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  • Writer's pictureRobert Adcock

How To Be An Awesome Wedding Guest with a little Wedding Guest Etiquette.

Wedding guest etiquette is an unwritten thing, normally left to each individual to determine what it is and how they should behave but after being at as many weddings as I have there are some things I have seen, heard and learned that will help anyone become a joy to have at any wedding.


1. Dress code:

Have you ever received a wedding invitation that left you completely clueless about the wedding guest dress code? Between ‘black tie optional’, ’semi-formal’ even ‘smart casual' the language can be tricky to decipher. The truth is, while many couples would like their guests to arrive in black-tie attire, the most common wedding dress code is formal. That’s cleared that up then, right? Nope. I knew a guy who spent most of his days on beaches, he was a lifeguard, he surfed when not working and partied on the beach at weekends. For him formal attire was his best board shorts and clean T.

My advice to wedding couples and their guests is to wear what you feel comfortable in. If you’re holding your tummy in and your top down, nervous to sit in case something gives out or frightened to take another step in those six inch heels then you will not be able to relax, it will be on your mind all day. Wear something you feel good in, no doubt the heels look great but can you wear them for six hours and then dance?

2. A whiter shade of pale:

Researching this one, it turns out it’s quite controversial and comes up again and again. In the past few years it seems that wedding fashion rules have eased and some may be thinking that it is now OK to wear a full length white dress to their friends wedding, call me a traditionalist but passive-aggressive upstaging is cruel and definitely does not display any wedding guest etiquette.

If you are as popular as I am then the diary is empty and there are another 364 days this year when you can wear white, off-white, ivory, cream or any other shade of white that you might find on a Deluxe paint chart. Unless the invitation specifically asks for guests to wear white then leave it to the main couple.



3. Bring a present or be present?:

Who doesn’t like receiving gifts, wedding guest etiquette means that we expect to buy a present for the couple? But I’ve found that although there is a lot of appreciation for gifts, the biggest present is for you to be there.

Some couples are looked on negatively when they ask for money instead of a physical gift but modern society sees many couple living together long before they get married. They have built their home and have just about everything they need but the wedding itself is expensive and money is tight for everyone, they could have spent their entire savings on the wedding. Asking for money isn’t meant to be ungrateful, simply practical.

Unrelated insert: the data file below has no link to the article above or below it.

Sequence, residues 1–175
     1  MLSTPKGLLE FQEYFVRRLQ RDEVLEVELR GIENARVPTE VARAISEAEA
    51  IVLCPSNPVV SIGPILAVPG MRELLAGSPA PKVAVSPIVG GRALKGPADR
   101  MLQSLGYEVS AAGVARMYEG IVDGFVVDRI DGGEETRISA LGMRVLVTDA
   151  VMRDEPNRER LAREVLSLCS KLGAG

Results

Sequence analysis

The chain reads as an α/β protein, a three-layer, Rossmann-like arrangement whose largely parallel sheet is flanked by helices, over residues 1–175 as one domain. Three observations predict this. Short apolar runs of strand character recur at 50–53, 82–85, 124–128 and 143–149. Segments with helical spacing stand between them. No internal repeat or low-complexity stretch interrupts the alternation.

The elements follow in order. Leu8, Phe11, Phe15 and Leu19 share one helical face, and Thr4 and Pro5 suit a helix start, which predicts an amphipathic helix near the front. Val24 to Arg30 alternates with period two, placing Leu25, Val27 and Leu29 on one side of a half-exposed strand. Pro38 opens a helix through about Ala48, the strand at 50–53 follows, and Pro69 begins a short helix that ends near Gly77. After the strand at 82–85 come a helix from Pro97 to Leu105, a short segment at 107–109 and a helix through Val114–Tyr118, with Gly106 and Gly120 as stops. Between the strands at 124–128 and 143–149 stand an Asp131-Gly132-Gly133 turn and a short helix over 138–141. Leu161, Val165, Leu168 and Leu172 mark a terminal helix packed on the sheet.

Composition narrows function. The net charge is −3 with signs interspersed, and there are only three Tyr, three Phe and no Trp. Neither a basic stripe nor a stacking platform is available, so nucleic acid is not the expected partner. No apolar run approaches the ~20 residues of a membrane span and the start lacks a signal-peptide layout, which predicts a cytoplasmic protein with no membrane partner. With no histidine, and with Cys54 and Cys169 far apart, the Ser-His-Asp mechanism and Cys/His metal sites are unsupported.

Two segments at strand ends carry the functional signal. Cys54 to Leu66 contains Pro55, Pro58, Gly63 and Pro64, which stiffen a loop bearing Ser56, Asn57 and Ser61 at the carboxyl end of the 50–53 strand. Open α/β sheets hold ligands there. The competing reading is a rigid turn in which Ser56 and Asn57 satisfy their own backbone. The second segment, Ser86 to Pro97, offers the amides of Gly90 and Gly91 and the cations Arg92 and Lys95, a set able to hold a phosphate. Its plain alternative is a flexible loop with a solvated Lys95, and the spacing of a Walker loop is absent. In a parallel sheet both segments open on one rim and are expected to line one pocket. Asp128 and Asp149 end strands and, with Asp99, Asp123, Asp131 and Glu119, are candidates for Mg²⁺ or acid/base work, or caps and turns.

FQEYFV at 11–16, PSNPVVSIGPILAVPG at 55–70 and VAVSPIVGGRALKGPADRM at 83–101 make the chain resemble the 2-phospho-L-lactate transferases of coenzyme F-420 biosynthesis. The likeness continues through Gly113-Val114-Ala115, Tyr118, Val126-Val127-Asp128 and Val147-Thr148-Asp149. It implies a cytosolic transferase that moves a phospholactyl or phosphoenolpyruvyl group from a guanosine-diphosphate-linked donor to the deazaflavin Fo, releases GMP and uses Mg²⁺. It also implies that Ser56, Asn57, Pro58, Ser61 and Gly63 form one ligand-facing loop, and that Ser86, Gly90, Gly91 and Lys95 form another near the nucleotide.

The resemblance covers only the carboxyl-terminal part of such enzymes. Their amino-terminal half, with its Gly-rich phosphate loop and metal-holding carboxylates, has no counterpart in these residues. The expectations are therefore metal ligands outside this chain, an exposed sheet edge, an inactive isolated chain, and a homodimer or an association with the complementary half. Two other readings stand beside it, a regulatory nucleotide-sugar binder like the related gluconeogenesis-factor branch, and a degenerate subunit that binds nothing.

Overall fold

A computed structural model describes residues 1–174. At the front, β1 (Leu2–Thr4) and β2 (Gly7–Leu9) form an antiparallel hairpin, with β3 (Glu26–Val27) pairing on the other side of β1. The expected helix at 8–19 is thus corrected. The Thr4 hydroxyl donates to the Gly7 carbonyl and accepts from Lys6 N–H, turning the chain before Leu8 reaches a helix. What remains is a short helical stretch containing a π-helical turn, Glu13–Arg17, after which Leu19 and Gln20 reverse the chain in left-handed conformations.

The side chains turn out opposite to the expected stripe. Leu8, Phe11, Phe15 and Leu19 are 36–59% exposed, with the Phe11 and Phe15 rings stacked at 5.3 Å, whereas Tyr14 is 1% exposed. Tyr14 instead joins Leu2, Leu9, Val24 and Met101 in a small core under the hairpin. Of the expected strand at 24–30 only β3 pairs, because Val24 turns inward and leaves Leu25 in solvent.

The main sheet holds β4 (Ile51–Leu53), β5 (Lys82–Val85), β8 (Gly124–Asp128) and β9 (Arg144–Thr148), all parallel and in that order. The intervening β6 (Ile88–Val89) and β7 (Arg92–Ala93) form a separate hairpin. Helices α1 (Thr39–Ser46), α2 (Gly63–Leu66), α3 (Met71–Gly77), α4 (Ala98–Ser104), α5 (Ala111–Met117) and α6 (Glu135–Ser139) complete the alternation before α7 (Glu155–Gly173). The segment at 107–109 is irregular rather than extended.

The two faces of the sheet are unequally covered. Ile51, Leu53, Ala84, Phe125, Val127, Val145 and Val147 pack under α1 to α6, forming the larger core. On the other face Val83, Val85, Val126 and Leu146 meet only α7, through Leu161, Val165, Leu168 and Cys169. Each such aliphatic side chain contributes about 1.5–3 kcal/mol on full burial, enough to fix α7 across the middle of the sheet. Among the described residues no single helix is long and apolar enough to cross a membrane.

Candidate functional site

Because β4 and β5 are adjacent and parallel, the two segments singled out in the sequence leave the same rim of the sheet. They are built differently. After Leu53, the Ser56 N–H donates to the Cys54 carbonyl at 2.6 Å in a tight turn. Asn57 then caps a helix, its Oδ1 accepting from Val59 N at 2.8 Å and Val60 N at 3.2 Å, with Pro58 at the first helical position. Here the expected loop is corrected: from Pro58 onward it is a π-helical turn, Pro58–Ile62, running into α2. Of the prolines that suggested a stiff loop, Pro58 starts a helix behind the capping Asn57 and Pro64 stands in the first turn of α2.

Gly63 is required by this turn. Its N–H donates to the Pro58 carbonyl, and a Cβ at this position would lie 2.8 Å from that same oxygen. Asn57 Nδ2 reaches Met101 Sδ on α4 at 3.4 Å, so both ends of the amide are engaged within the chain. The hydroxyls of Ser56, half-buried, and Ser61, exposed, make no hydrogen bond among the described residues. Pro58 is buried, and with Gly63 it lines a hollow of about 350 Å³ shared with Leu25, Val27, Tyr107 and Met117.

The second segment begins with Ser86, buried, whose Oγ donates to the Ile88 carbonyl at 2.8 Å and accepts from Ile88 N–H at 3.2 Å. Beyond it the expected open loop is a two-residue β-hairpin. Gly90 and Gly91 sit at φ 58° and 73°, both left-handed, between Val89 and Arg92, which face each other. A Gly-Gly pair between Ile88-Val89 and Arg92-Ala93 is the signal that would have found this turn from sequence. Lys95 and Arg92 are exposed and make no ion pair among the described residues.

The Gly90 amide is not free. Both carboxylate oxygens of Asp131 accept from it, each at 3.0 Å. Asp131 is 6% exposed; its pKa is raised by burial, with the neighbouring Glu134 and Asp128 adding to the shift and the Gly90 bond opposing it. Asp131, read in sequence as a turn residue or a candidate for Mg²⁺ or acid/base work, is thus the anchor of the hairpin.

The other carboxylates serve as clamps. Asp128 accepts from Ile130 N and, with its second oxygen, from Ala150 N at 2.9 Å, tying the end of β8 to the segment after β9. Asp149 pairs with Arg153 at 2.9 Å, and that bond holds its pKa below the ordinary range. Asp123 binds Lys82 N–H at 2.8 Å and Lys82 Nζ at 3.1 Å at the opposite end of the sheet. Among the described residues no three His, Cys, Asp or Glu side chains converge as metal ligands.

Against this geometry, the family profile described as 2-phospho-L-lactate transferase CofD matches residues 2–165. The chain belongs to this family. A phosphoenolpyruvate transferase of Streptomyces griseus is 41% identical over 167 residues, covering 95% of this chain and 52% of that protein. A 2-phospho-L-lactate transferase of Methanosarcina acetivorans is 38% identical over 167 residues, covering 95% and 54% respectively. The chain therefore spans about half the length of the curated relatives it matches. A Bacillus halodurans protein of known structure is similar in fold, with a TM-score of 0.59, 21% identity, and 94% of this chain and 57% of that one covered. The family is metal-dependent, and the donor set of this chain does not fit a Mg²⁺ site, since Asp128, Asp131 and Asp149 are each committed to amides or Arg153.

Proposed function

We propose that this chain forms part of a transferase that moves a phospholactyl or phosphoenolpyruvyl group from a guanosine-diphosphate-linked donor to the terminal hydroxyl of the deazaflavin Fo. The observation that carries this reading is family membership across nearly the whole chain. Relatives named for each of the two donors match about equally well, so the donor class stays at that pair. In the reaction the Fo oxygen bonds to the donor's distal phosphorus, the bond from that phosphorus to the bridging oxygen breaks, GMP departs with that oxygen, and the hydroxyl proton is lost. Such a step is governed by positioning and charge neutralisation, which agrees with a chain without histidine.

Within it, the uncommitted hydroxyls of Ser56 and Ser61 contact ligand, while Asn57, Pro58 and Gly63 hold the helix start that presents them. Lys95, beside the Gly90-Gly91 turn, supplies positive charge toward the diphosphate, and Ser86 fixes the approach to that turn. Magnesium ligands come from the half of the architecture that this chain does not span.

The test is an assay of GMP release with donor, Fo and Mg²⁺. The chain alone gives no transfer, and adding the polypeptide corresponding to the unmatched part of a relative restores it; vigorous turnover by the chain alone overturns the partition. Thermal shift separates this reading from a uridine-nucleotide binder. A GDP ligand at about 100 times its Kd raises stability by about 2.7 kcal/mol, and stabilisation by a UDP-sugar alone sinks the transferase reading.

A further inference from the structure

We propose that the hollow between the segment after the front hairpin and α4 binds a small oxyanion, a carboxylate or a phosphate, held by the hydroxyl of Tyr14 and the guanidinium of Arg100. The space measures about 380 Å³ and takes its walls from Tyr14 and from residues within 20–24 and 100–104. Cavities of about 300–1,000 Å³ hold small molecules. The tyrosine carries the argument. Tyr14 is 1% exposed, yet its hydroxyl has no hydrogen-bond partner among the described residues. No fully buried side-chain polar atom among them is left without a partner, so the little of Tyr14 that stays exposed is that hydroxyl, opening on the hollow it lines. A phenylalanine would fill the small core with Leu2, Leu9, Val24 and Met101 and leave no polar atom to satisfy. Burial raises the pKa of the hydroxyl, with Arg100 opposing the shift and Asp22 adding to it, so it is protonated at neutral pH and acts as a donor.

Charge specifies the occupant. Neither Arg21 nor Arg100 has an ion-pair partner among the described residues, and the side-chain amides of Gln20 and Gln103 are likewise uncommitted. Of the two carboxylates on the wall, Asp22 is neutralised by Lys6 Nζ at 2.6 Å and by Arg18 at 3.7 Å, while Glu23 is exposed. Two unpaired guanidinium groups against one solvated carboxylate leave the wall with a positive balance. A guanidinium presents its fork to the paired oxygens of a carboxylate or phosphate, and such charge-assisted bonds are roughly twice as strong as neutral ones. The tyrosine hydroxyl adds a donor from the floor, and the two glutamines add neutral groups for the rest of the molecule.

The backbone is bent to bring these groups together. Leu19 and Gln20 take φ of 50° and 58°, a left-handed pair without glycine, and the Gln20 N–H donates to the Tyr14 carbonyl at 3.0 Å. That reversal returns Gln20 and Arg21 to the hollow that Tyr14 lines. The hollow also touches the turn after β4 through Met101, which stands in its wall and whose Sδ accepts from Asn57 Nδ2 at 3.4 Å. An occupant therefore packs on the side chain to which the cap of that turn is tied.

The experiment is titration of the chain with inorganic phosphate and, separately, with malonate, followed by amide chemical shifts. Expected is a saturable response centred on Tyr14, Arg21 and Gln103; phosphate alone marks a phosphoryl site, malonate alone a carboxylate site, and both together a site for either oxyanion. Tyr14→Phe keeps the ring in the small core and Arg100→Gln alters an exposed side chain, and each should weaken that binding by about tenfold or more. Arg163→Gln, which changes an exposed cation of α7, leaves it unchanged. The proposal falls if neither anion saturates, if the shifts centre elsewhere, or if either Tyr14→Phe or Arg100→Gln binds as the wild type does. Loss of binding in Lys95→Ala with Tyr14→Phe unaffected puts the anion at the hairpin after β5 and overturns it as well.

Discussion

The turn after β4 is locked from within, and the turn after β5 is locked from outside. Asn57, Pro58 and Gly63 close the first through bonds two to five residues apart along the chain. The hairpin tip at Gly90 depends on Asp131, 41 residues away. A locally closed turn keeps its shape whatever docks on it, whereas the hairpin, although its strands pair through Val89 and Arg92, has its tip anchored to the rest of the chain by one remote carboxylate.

4. Bridal party debate:

There are a lot of tensions about who is included as bridesmaid or groomsman. I have attended quite a few weddings where the bridal party has changed at the last minute due to a falling out. It is not always the choice, solely, of the happy couple who attends the wedding, the guest list is, to a certain extent, beyond their control, particularly so if they are not paying for the wedding. Conversely they simply not have the resources to include everyone they wanted to. This can be as upsetting for them as it is for you, accept it, it doesn’t mean they value you any less.

5. Could I ……….

The majority of sentences that asked by guests to the couple which start with ‘could I” should not be asked, where will it go: ‘wear that dress you hate’, ‘bring my own food’ or even, the worst ‘bring my children?’

Asking if you can bring your children can place the wedding couple in a difficult predicament. Whilst you may have very valid reasons for asking to bring your children you can bet that other parents attending may have similar challenges to your own. It can’t be one rule for one and one rule for another even if you are the groom’s oldest and closest friend. The couple may have restrictions with budget and numbers or may simply wish for adults to let their hair down. Asking for a plus one also falls into this category. If you have a new partner a month before the wedding, the couple may have already paid the final balance, submitted table plans and confirmed numbers. Be respectful of their wishes.